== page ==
Case studies for high-availability Rails deployments?

Hello everyone,

We are developing a new version of a satellite telemetry distribution
system currently in use in the European space industry, and are trying
to convince the client to permit us to use Rails as the platform for
the higher-level layers of the system.

The system as a whole has strict high-availability requirements (our
current track record is over six nines yearly), and in order to push
for Rails adoption we need to demonstrate that Rails, and the
technology stack it runs on, would be capable of meeting these

So, I'm in the process of putting together a comprehensive argument for
Rails, and am wondering whether anyone on the list would know of case
studies or references of Rails being successfully deployed in strict
high-availability situations? (Googling didn't turn up any, and
skimming through the real-world usage references on the Wiki did not
immediately provide useful leads.)

Also, I would appreciate hearing any thoughts and experience on how the
various Rails stacks (FastCGI, SCGI, Mongrel, etc) measure up both
reliability-wise and in situations where there would be a high number
of concurrent, long-lived server push ("Comet") connections open. Are
there any known memory leaks, for instance, that should be taken into
consideration (I seem to recall that at least the FCGI gem has
previously suffered from leaks)?

I will, naturally, summarize my findings in the form of a blog post or
two, for the benefit of the community-at-large.

Hi Arto,

Not to burst your bubble, but very seriously consider and test
alternative platforms. When I hear "high-available telemetry system for
space industry" I do *not* think of Mongrel or Rails. I don't think of
anything web actually.

Hey Zed,

Not to worry -- despite what it may sound like, we are not talking any
deep voodoo here. This is a high-level, web-based user interface that
controls the lower-level layers of the system (which are based on
entirely different technologies). The legacy version of this web UI is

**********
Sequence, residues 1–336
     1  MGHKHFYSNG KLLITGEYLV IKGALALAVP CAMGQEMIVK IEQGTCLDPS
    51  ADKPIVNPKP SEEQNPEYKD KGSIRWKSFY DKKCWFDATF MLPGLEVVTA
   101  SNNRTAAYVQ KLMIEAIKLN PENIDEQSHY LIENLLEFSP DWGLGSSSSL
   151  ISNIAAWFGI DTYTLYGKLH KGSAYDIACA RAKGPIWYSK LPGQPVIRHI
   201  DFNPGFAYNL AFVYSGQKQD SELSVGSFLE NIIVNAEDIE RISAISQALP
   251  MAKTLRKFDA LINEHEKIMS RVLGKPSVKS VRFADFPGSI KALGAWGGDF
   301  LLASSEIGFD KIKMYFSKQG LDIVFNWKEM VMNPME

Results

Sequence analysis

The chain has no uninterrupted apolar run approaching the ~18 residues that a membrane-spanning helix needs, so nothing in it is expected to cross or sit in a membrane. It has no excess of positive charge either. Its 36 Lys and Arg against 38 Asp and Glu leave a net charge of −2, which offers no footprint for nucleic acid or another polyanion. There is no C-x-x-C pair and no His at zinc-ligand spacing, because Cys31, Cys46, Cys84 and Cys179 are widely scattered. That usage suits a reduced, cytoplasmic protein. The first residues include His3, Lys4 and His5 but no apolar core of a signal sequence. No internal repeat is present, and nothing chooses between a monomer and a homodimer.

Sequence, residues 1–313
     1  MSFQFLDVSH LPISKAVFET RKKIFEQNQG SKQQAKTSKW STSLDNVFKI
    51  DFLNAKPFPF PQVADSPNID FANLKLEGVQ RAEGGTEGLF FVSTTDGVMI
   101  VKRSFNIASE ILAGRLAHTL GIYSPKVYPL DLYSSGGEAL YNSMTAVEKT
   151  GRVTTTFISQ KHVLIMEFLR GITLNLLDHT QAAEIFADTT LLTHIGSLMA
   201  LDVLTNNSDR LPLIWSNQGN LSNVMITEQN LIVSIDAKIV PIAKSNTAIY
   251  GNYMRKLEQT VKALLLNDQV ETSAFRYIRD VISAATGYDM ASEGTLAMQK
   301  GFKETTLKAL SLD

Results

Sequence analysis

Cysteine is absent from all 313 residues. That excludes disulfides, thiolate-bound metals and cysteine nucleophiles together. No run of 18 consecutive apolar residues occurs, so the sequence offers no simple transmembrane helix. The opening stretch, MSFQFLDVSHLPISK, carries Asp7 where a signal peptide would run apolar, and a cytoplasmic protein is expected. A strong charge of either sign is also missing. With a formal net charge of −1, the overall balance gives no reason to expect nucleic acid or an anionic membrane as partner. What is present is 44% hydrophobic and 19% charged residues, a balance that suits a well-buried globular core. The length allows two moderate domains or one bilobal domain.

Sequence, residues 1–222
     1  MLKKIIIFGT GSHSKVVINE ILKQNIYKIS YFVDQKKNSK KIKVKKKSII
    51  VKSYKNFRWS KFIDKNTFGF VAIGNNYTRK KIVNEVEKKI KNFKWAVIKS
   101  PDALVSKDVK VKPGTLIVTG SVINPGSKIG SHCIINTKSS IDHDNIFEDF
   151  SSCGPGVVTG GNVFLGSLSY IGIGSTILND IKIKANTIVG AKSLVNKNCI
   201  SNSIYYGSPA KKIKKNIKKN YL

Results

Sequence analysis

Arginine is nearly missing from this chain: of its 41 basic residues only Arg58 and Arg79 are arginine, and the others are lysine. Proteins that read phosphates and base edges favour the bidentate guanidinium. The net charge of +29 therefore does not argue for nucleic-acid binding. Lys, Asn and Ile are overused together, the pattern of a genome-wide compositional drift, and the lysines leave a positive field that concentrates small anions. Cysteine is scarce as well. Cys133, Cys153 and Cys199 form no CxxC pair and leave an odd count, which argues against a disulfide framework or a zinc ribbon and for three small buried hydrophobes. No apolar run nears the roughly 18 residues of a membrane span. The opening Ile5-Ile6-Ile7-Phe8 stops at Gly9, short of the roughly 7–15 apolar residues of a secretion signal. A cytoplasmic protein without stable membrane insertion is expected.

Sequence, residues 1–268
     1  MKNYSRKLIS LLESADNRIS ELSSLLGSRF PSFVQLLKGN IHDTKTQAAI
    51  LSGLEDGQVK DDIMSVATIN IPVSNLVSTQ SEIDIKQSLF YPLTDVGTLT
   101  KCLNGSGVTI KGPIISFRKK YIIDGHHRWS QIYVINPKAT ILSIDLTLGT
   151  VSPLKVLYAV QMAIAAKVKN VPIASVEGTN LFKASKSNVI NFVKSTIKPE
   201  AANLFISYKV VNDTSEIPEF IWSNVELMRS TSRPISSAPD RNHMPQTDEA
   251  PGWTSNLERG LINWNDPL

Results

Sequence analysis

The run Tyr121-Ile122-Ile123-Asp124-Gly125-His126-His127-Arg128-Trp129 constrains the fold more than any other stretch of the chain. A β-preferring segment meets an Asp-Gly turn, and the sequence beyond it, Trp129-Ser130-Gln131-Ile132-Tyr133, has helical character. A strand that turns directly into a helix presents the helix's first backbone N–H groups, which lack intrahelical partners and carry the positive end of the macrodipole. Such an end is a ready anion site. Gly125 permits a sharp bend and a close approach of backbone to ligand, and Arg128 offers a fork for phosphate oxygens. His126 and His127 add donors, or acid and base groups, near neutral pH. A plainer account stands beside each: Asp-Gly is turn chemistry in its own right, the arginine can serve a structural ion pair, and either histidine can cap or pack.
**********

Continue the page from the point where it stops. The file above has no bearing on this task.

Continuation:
currently successfully deployed, as it is.

To be more specific, what I'm looking for are simply good arguments
that using Rails instead of, say, Apache + mod_php5 (which would
already be an "approved" technology stack for this project) would not
be unduly detrimental to the uptime expectations of the system as a
whole, and wouldn't cause any other new headaches.

On one level, this just means that the Rails stack should not crash or
leak memory more than, for instance, Apache with PHP5 does, nor place
undue additional load on the system. Surely we can manage PHP5's level
of reliability? :wink:

Also, a number of secondary concerns exist that I'll need to address,
such as the policy for security updates, the expected availability and
support for Ruby & Rails packages on the platform this will run on,
the general availability of developers and sysadmins familiar with
Rails versus more "mainstream" technologies, and so on. Those I have
somewhat mapped out, already.

(There are, of course, provisions for instant hardware failover and
such, but these are outside the current circle of concern.)

In the end, we need to provide justifications for using Rails in the
first place (this, in itself, is not very difficult) and at the same
time try and make an argument that the maturity level of a Rails
stack, a technology not previously used in this industry (AFAIK), is
sufficient to warrant operational deployment.

So, it's not rocket science, really :wink: